Conserving Environment: A shared responsibility


Dr. A. K. Gupta

With a clarion call for developing a perfect and viable synergy and synthesis between three strong pillars of India Democracy, viz., the Judiciary, the Legislation, and the Executives, the World Conference on Environment – 2017 was staged by the National Green Tribunal on 25-26 March 2017 at Vigyan Bhawan, New Delhi with all fanfare that it deserved in presence of galaxy of intellectuals from amongst the finest mind in Judiciary (Chief Justices, Judges) from across the globe, great think-tanks and stalwarts amongst the Legislators (Parliamentarians), and Executives manning highest policy-execution positions in the field of Environment. Other stakeholders who also participated included Environmentalists, Scientists, Lawyers, Academicians, students and international and national delegates from across the globe.

The Legislators are called upon to frame policies that are down to earth in addressing the needs and aspirations of the poorest of the poor in the country; the Executives have to ensure implementation of such policies with utmost sincerity, honesty, dedication and dexterity. There is no room for short cut and complacency with the Executives, lest the desired objectives and goals as inherent within the policy are not going to be met with. The judiciary has to play a role as watchdog ensuring enactment and execution of various Acts, Rules, Guidelines, Policies, etc. to reach the benefits even to the last person among the poorest of the poor. The judiciary also has to be punitive for bringing in corrective measures whenever either or both legislators and executives gets derailed from the chartered path of meeting slated objectives. Each of these three arms of the Indian democracy are equally important and together only could help accomplish the targeted goals. There appears no room of one-upmanship for either of these pillars as each of these are equally important in their own domain, thus playing supplementary and complementary roles to assist each other in meeting their respective and common goals.

The above philosophy was more or less on full display during key addresses, deliberations and panel discussions during different thematic technical sessions at the Conference on environment related issues. It has come out so vividly that if Executives have to execute policies timely and effectively, the Legislators need to ensure that the framed Policies are true to ground realities. The Judiciary has to play a role of adjutant for striking a perfect balance between too delicate issues of development versus environmental protection and conservation; ensuring none takes precedence at the cost of the other. It is undisputed fact that developing countries are in dire needs of industrialization and infrastructure building to bring their populace above poverty level, thus also bringing them in direct conflicts with imminent dangers of losing environmental resilience. All were in agreement unanimously that use of enabling technologies could surely tone down adverse effects on environment while still achieving the development goals fully. Given that the environmental protection is a global concern cutting across the political boundaries, the roles of Nations having enabling technologies and finances are identified very critical and as need of the hour if at all the battle against the worst infestation of environmental degradation, i.e. climate change is to be successfully combated jointly at the global level.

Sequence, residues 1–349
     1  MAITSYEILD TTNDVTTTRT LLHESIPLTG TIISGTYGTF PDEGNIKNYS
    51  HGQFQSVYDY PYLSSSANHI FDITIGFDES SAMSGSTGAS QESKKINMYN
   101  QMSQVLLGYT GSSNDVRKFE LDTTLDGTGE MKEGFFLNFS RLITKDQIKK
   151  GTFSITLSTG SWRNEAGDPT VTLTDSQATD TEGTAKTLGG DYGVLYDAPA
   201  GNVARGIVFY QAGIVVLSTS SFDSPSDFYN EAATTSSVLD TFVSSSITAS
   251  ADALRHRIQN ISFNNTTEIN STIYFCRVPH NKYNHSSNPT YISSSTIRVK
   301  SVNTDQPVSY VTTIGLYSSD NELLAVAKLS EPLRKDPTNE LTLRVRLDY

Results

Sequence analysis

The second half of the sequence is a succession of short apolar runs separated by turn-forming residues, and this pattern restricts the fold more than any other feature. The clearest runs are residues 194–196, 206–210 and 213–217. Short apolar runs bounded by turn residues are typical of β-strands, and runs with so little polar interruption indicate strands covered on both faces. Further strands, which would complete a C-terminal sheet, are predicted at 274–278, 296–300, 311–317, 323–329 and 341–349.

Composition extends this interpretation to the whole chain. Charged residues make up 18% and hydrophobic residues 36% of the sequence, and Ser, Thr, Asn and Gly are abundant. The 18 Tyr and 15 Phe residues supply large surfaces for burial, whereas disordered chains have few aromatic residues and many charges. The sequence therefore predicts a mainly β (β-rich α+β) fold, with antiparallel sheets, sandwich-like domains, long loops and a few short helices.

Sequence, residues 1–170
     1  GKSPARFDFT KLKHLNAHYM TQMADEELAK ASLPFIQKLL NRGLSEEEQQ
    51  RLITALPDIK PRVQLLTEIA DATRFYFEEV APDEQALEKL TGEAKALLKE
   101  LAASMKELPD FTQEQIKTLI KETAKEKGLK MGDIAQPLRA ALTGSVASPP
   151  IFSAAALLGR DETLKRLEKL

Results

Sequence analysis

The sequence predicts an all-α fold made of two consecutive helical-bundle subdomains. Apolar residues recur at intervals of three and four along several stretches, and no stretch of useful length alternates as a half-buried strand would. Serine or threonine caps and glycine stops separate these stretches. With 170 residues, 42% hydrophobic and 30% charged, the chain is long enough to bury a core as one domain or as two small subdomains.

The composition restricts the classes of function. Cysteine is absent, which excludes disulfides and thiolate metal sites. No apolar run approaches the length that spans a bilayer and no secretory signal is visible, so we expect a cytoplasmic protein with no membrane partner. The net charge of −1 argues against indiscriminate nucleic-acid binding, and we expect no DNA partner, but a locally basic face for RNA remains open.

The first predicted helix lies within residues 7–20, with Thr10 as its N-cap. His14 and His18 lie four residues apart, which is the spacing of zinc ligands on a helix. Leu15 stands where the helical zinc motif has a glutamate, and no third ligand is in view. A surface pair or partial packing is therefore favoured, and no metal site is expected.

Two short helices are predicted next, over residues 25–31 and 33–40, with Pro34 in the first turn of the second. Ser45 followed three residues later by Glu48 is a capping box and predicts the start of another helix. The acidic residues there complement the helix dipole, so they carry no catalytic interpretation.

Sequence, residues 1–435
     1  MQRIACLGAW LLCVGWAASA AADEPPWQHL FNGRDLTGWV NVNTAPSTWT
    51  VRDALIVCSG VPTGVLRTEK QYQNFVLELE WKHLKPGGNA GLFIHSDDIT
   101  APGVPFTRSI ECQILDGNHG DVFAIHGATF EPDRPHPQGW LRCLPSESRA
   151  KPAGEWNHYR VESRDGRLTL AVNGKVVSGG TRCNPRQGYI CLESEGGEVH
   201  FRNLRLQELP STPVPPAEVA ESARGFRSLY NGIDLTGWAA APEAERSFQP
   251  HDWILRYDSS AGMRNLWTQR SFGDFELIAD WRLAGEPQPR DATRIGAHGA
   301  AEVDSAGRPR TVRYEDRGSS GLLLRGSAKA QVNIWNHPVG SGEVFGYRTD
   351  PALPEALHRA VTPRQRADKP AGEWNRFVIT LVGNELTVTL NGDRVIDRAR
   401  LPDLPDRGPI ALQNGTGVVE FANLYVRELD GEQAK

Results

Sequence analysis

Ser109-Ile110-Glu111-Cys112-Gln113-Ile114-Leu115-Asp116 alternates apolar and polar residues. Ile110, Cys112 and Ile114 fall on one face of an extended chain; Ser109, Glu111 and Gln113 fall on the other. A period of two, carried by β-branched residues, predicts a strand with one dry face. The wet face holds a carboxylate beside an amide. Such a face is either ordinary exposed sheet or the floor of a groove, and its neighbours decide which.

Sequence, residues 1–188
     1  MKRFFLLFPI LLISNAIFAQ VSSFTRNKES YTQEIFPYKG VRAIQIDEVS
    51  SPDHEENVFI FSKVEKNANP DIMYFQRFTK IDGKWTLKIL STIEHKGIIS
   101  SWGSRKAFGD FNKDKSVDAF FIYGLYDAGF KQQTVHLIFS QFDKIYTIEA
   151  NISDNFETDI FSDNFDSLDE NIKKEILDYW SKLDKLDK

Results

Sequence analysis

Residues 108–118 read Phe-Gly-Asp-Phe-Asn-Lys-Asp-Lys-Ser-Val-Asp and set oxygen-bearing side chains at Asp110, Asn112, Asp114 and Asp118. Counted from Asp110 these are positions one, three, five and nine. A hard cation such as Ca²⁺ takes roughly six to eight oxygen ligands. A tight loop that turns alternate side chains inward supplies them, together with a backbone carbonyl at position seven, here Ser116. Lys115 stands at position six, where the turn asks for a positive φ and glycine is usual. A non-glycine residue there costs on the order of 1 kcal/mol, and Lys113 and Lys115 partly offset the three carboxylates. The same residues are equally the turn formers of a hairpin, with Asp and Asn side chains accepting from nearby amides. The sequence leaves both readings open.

This, to me, was the central message of this Global Conference, which brought out best possible experts and minds in the field of environmental protection and conservation. It also gave an opportunity to assess effectiveness and relevance of various steps being followed in Tripura towards sustainable conservation of biodiversity with special reference to the access and benefit sharing mechanism vis-à-vis what is being followed and achieved elsewhere within and outside India. In Tripura, we have achieved a lot in the fields of environmental, forestry, wildlife, and biodiversity conservation reflecting a perfect harmony and synergy between all three wings as stated above. However, the challenge to bring people on par with development equity is still on and even more due to intimate dependency of scores of ecosystem people in the state with the natural resources to meet even their basic subsistence economy. It has become crystal clear that the issue of environmental conservation is not the sole responsibility of one or two departments alone (Executives), but it very strongly calls for joint efforts and shared responsibilities cutting across all boundaries or jurisdictions, it be legislative, judiciary or executive.


Views expressed in the article are personal of the author

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